Let’s assume we solve the above problem. The backup software would have to unpack the file, extract the personal data in question, then repack the file. For example, a Microsoft Office is actually a .ZIP file with some XML files inside of it. The backup software would have to unzip the .ZIP file, take the appropriate data out of the XML file, then rezip the file – all without making the file unreadable when it saves it again.
Relational databases have more structure
Relational databases have the concept of referential integrity. When the database is open, this is not a problem when you delete record X. It will automatically delete any references to record X so there aren’t any referential integrity problems. It will also update any indices that reference those references. Easy peasy.
That’s impossible to do when the database is a bunch of objects in a backup. First, it requires the backup software to know much more about the format of the file than it needed to know before. It then would need to be able to delete a record, any references to that record, and any indices referencing that record, and it would need to do that for every RDBMS it supports. I just don’t see this being a good idea.
Clean on restore
The first idea – as discussed in my last few blog posts – is for there to be a process to track any data that needs to be deleted (e.g. any records of Curtis Preston w/birthday of 01/01/01, at IP address 220.127.116.11, etc.), and then delete them on restore. Today this will need to be a manual process, but as has already been mentioned, it could be built into the backup software itself. It’s a monumental task, but it’s much easier to open, read, and write a file when it’s in a filesystem. And it’s much easier to run some SQL commands than it is to learn the internal structure of a database.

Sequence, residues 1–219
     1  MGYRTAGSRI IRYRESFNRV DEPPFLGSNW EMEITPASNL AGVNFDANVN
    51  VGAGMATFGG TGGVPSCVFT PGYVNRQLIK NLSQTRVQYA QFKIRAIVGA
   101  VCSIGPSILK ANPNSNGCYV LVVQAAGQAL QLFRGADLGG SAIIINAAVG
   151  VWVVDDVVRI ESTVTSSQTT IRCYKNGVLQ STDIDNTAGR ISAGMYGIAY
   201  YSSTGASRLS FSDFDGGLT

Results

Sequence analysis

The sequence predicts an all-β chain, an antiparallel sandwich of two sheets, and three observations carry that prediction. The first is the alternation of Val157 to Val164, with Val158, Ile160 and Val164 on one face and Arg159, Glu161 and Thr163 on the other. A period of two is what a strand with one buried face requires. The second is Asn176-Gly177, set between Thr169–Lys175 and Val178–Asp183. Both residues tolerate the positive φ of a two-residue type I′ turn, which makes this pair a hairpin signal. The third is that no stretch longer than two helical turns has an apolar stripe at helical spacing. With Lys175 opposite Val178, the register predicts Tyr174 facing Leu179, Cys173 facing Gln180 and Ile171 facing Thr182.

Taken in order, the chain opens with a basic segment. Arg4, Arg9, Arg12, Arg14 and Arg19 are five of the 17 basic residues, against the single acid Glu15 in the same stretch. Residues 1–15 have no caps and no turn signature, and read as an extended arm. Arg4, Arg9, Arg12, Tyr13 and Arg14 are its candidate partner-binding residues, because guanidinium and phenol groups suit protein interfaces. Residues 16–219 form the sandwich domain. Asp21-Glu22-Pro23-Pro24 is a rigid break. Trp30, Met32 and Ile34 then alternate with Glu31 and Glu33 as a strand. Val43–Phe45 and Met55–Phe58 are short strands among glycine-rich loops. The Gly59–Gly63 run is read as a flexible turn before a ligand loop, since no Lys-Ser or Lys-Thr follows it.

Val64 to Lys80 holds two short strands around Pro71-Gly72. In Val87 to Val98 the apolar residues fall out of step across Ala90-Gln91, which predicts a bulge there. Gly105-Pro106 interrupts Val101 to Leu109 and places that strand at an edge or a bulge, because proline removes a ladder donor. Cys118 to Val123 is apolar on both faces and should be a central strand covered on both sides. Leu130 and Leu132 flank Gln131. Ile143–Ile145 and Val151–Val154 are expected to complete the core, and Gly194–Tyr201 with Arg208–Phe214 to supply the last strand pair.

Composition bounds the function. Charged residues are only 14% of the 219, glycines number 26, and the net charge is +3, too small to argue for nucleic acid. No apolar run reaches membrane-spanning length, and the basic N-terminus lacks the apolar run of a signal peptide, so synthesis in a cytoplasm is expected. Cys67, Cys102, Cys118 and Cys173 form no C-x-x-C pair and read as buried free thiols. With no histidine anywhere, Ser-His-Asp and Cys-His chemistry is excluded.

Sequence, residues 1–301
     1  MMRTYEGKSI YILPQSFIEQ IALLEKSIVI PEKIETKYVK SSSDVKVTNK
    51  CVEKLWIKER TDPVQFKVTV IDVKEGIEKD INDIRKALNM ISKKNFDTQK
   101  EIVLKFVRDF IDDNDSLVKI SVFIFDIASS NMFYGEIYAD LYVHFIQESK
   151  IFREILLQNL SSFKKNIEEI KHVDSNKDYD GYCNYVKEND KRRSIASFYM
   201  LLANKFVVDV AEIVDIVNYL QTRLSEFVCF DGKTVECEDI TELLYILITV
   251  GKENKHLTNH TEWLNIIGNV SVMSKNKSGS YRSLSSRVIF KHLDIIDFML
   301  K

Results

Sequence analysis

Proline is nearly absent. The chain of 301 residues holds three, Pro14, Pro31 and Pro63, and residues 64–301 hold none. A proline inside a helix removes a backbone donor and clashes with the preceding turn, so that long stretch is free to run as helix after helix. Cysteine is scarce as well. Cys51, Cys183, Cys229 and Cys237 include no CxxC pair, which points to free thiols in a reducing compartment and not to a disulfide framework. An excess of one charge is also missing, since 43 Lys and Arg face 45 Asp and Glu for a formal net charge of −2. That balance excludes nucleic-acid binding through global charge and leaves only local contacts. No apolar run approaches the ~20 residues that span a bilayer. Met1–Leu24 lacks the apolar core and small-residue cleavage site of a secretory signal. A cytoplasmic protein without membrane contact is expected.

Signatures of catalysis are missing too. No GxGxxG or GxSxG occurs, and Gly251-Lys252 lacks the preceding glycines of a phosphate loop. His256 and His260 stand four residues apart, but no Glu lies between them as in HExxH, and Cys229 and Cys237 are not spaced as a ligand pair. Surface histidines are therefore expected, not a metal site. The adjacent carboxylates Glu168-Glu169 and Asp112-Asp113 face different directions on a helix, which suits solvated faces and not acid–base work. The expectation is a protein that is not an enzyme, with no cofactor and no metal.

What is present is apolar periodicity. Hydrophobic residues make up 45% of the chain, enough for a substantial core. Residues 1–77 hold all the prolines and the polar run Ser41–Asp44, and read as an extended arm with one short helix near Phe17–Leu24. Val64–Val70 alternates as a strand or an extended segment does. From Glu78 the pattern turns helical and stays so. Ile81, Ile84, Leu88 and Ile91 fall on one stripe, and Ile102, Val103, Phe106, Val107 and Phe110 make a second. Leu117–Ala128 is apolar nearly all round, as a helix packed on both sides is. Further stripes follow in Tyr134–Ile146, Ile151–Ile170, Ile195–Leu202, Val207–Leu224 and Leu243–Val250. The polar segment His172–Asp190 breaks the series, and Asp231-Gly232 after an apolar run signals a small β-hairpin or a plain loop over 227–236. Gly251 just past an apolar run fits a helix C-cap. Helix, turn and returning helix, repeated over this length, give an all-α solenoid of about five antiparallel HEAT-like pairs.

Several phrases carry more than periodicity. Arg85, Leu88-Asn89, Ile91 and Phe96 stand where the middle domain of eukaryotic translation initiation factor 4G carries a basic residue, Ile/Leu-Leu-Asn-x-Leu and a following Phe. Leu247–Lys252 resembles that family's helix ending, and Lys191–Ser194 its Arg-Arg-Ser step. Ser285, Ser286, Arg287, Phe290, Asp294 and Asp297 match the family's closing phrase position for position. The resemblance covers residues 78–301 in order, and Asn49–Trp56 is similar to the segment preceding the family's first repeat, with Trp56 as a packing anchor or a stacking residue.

Just stop using your backups as archives!
This whole problem is caused by people keeping their backups far longer than they should. If you used backups for restores of data from the last, say, 90 days, and then used archive software for data older than that – this would not be a problem. Everything I mentioned above doesn’t pertain to archives. Archives by design are given information, not blobs of data.
They are given emails and records from a database, not a backup stream from the database. Yes, they are also given files like spreadsheets, but they are expected to parse those files and get the data inside. It’s part of the design. An archive systems is also given far fewer objects to parse, so it has time to do all that extra parsing and storing.
Maybe GDPR will be my friend and help me stop people from storing their backups for 10 years. I can dream.
What do you think?
I think this is a big problem, and I don’t see any solutions on the horizon. Does anyone else see this as any different? Your comments move the discussion forward. Anyone?
----- Signature and Disclaimer -----
Written by W. Curtis Preston (@wcpreston). For those of you unfamiliar with my work, I've specialized in backup & recovery since 1993. I've written the O'Reilly books on backup and have worked with a number of native and commercial tools. I am now Chief Technologist at Druva, the leading provider of cloud-based data protection and data management tools for endpoints, infrastructure, and cloud applications. These posts reflect my own opinion and are not necessarily the opinion of my employer.